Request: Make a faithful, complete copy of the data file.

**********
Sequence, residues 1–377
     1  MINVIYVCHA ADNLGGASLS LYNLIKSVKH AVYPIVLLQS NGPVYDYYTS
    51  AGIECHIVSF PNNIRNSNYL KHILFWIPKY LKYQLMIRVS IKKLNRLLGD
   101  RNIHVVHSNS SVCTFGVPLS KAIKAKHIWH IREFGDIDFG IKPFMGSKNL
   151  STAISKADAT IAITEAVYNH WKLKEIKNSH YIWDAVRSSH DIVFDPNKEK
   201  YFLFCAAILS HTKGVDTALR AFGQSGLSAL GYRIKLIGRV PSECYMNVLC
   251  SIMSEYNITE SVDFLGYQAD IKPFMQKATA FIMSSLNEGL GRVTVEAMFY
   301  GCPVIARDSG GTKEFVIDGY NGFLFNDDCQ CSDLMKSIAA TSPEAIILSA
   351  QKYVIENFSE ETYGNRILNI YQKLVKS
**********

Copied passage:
Sequence, residues 1–377
     1  MINVIYVCHA ADNLGGASLS LYNLIKSVKH AVYPIVLLQS NGPVYDYYTS
    51  AGIECHIVSF PNNIRNSNYL KHILFWIPKY LKYQLMIRVS IKKLNRLLGD
   101  RNIHVVHSNS SVCTFGVPLS KAIKAKHIWH IREFGDIDFG IKPFMGSKNL
   151  STAISKADAT IAITEAVYNH WKLKEIKNSH YIWDAVRSSH DIVFDPNKEK
   201  YFLFCAAILS HTKGVDTALR AFGQSGLSAL GYRIKLIGRV PSECYMNVLC
   251  SIMSEYNITE SVDFLGYQAD IKPFMQKATA FIMSSLNEGL GRVTVEAMFY
   301  GCPVIARDSG GTKEFVIDGY NGFLFNDDCQ CSDLMKSIAA TSPEAIILSA
   351  QKYVIENFSE ETYGNRILNI YQKLVKS